The concentration of fluorescent dye was measured by the PLIF technique around four streamwise locations: x* = 5, 20, 40, and 60. Here, the superscript of * indicates normalization by the channel half width, i.e., x* = x/δ. For different streamwise locations, areas of the same size were selected based on the recorded PLIF images, and the further spike statistical analysis was done focused on the selected areas.

Figure 5 takes the original PLIF images for three locations for example. In Figure 5, higher brightness means higher fluorescent intensity, which is proportional to the local dye concentration. Figure 5 shows dye plumes with low and high concentration areas. Figure 6 shows the corresponding binarized images obtained by the conditional sampling technique mentioned above, and the length-scale mark is also shown in the figures. From Figure 5, it is found that the spanwise diffusion width of the plume spreads for downstream distance x*, which means that the diffusion of the plume progresses with

Figure 5. Images of diffusion and convection of dye emitted from nozzle obtained by PLIF measurement.

Figure 6. Binarized concentration images visualizing high concentration spikes obtained by the conditional sampling.

the diffusion time x/U_{c}. Here, the diffusion time of the plume is estimated using the downstream distance from the diffusion source and time-average streamwise velocity under Taylor’s frozen turbulence hypothesis. In the diffusing plume, the concentration fluctuates in space and there are areas having a high concentration and concentration gradient compared with the surroundings. Moreover, a meandering motion of the diffusing plume is not identified definitely in Figure 5, which was observed under the turbulent flow background at high Reynolds numbers [22] . The occurrence of the meandering motion depends on the relationship between the Lagrangian time scale of the turbulent field and the diffusion time of the plume, and can be observed when the diffusion time is shorter than the Lagrangian time scale. In this experiment, the Lagrangian time scale T_{L} ≈ 0.036 s can be estimated by Equation (1), which was given by Hanna [23] .

(1)

(2)

where L_{E} denotes the Eulerian length scale in the streamwise direction, while u' (= u − U_{c}) denotes the streamwise velocity fluctuation, calculated from the streamwise instantaneous velocity u and the time-average streamwise velocity U_{c}. The Lagrangian time scale consists of the Eulerian length scale L_{E} corresponding to the streamwise integral length scale and the streamwise turbulent intensity. The Lagragian time scale is smaller than the shortest diffusion time T = 0.05 s among the measurement positions. Based on Taylor’s diffusion theory, in this experiment, a large part of the diffusion of the plume in the photographed areas corresponded to long-time diffusion.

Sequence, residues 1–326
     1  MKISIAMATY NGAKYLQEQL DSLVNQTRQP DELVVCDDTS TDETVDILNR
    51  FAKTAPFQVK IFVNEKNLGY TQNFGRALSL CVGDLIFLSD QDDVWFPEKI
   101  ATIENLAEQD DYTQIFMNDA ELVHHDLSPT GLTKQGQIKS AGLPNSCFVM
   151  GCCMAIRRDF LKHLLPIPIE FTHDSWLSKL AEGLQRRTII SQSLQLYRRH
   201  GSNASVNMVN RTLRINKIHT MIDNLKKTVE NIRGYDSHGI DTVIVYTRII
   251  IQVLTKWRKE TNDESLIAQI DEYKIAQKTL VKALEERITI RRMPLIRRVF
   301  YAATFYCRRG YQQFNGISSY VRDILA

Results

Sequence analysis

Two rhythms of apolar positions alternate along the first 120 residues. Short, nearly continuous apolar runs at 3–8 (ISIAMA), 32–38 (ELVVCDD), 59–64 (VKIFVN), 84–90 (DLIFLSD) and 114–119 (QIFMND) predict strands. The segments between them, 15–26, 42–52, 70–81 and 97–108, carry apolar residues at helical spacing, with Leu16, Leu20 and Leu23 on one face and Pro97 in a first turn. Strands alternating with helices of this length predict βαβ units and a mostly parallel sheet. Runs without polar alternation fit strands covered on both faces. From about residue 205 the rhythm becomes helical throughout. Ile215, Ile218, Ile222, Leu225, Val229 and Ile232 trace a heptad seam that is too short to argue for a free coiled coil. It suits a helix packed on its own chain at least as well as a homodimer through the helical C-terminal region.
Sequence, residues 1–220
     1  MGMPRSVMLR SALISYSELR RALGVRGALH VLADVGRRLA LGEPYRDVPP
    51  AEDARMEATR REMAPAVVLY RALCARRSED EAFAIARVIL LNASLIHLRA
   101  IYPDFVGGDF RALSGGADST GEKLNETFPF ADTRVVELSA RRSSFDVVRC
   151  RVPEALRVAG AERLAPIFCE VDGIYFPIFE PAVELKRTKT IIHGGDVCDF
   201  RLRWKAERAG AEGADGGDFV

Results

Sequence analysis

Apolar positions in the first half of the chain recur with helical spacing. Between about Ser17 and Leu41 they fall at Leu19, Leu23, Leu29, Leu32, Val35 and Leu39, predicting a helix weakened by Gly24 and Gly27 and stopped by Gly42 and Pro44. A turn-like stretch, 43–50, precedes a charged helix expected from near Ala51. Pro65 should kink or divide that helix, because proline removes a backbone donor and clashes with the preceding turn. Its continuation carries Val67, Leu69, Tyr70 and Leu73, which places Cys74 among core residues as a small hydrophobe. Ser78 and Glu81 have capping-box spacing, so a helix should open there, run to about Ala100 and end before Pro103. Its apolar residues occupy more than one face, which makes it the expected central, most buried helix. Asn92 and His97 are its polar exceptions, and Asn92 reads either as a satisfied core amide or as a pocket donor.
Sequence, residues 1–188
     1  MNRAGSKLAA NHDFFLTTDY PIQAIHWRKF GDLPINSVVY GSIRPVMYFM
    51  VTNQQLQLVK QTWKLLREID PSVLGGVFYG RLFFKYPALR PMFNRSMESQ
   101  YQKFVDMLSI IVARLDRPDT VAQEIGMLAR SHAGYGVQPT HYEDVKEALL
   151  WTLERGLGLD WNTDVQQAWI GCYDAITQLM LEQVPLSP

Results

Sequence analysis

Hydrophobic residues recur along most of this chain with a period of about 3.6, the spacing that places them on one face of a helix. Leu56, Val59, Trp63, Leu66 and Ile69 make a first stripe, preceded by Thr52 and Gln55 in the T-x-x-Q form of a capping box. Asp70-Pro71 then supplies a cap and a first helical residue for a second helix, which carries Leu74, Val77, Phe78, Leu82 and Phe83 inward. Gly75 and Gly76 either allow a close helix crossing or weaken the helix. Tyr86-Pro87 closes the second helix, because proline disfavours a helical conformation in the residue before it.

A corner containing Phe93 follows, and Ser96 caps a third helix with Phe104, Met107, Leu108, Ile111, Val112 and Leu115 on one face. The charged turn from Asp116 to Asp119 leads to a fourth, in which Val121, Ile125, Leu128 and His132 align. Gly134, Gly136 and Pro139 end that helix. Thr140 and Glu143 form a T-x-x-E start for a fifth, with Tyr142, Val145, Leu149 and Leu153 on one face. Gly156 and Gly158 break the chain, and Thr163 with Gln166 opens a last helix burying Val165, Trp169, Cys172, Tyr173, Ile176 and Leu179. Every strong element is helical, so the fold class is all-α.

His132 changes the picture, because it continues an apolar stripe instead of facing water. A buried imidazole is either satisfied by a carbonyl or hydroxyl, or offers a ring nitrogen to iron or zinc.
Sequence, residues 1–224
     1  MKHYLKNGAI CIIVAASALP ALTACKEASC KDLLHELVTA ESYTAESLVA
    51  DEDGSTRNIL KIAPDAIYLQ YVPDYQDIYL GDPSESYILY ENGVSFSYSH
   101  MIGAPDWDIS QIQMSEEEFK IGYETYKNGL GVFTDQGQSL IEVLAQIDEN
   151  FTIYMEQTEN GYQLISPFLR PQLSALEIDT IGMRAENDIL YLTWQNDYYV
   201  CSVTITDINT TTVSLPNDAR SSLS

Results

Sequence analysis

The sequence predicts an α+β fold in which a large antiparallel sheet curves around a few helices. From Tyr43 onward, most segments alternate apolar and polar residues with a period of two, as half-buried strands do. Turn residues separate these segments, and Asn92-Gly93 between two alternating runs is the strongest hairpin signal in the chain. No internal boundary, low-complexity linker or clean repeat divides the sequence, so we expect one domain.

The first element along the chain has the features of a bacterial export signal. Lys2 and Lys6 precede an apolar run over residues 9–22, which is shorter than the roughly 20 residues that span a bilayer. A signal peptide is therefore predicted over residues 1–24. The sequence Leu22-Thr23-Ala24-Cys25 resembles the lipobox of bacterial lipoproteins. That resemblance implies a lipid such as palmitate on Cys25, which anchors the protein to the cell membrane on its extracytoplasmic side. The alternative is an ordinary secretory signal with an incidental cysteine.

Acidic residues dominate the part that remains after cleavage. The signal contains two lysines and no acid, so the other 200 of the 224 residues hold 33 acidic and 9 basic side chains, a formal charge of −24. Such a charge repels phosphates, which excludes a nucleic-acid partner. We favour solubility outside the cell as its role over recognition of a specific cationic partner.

The white areas in Figure 6 stand for the high concentration spikes, while the black areas indicate zero or low concentration areas. Therefore, Figure 6 shows the existence of the high concentration spikes in the diffusing plume. Note here that Figure 6 of the binarized images are obtained from Figure 5 of the original raw PLIF images by applying the above-mentioned sampling technique. Comparing the corresponding original and binarized images, it can be seen that high concentration spikes are distinguished with clear outlines by extraction. Moreover, the high concentration spikes are scattered randomly in Figure 6. From Figure 5 and Figure 6, it can be seen that a large number of high concentration spikes exist even at the edge of the plume where the concentration is very low.

The reason is that such a low-concentration edge area has a large concentration gradient, so the spikes can be recognized. Actually, through extraction by the conditional sampling technique, the low-concentration edge area of the plume is also taken seriously, which is more reasonable than analyzing only based on the plume concentration. As x* increases, the white areas appear clearer and their number increases in the image. Considering that the high concentration spikes are formed by the organized structure of turbulence and extracted by judging the plume concentration by concentration values as well as concentration gradients, it can be suspected that the behavior of the spikes follows a totally different diffusion law from that of the plume.

4.2. Diffusion Width